Mark Bastille Day With a Movie | The American Spectator

Mark Bastille Day With a Movie
by
Humphrey Bogart and Ingrid Bergman in “Casablanca” (IMDB.com)

Recommendations for the day’s special screenings, this being France’s national day, when a mob went to the detention center at the Bastille fortress on the east side of Paris, decapitated the warden, and started something that seems to have no end in sight.

Double feature: Jean Renoir’s La Marseillaise (1938), one of the most lyrical, but least known, films of the master who made the Great War classic Grande Illusion (1937). The latter film also suggests placing Stanley Kubrick’s Paths of Glory (1957) on the program, by way getting a sober perspective on the danger of military machines gone mad; you see this in the contrast between the heroism of the colonel played by Kirk Douglas and the abysmal cynicism of the brass against whose cruelty he tries to save his men.

Michael Curtiz’s Casablanca (1942), a salute to French patriotism, still has universal appeal. To be sure, said patriotism needed some help from its friends to do the job, but then so did ours, and the Bogart–Bergman classic reminds us that the Free France Forces owed much to Americans, and to the African rifles who filled the ranks of the legendary DDB, the second armored division that fought its way from the Brazzaville to Paris.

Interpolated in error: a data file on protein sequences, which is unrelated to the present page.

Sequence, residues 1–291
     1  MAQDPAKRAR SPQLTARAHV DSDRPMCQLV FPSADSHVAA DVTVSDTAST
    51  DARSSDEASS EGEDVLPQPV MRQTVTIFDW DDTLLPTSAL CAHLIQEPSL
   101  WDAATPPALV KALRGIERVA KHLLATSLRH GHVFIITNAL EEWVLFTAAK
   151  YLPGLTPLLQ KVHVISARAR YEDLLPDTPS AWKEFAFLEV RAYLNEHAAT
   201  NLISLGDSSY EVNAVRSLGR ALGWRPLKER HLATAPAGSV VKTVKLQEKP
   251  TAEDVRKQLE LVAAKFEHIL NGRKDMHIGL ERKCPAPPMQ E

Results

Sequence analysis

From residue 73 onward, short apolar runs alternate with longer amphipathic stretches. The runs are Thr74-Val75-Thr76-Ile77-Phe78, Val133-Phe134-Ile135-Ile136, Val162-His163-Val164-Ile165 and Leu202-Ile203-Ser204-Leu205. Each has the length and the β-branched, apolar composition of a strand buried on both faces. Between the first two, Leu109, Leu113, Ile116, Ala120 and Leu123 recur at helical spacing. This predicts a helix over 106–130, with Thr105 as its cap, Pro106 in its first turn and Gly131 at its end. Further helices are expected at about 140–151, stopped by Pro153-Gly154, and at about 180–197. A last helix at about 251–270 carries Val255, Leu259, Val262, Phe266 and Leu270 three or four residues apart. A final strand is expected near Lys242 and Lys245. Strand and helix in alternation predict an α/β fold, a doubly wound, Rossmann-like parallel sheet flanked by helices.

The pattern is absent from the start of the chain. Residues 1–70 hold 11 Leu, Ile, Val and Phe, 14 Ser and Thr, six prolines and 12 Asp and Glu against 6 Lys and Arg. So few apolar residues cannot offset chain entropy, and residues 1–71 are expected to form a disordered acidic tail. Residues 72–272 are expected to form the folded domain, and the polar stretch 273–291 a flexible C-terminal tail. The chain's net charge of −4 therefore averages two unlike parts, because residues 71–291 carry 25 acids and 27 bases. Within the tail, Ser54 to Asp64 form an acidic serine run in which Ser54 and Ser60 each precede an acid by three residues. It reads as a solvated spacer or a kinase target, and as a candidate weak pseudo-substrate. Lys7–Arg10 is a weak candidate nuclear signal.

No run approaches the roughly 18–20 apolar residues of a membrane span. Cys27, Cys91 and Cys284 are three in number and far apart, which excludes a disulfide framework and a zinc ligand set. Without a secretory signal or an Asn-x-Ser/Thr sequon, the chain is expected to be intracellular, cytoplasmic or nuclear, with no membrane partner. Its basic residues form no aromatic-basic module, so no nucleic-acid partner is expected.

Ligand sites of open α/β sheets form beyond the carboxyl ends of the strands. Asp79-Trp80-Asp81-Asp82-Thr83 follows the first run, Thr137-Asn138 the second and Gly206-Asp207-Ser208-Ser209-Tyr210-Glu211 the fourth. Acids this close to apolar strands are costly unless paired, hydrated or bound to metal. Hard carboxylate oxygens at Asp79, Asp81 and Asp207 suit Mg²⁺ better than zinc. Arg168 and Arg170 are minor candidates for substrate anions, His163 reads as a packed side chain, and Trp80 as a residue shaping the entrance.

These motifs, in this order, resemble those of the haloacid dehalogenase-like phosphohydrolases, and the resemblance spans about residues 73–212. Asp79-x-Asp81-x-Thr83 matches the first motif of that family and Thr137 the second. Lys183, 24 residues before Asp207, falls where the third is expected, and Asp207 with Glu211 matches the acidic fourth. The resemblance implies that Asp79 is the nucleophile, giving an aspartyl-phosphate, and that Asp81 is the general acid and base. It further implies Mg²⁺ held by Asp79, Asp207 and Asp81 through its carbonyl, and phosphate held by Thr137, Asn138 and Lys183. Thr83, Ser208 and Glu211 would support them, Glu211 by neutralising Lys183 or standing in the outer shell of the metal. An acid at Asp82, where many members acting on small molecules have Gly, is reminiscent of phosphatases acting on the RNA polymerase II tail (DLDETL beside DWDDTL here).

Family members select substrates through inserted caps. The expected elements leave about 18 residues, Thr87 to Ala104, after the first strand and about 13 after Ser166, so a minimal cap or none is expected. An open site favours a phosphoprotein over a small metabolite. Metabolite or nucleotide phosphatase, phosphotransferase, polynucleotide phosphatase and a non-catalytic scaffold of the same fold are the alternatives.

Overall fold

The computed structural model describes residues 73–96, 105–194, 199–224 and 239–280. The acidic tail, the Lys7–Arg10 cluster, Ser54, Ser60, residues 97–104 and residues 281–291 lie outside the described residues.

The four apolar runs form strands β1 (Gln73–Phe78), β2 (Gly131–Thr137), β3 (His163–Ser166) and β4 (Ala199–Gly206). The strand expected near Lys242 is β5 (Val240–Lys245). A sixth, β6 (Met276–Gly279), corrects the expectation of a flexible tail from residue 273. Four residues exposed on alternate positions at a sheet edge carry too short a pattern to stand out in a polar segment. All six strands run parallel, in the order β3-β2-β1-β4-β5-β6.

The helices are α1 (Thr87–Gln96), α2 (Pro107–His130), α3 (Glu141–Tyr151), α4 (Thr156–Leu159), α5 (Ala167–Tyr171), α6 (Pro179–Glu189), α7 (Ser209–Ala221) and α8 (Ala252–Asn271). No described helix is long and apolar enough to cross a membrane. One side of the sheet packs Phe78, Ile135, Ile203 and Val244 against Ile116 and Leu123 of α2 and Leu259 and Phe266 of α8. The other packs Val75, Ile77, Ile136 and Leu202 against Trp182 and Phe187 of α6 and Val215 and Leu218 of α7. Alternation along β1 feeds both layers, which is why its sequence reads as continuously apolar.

Actually, it is better to watch Renoir’s film last, seeing as how upbeat it is. And yet, and yet, in these troubled times, see also (at midnight, to show what follows revolution), the Abel Gance classic, Napoleon (1927). It being a silent, you can play Mark Knopfler’s “Done with Bonaparte” as accompaniment.

Get the popcorn — excuse me, the pate de foie gras and the champagne — and tomorrow, let us all go for a screening of The Alamo at the drive-in.

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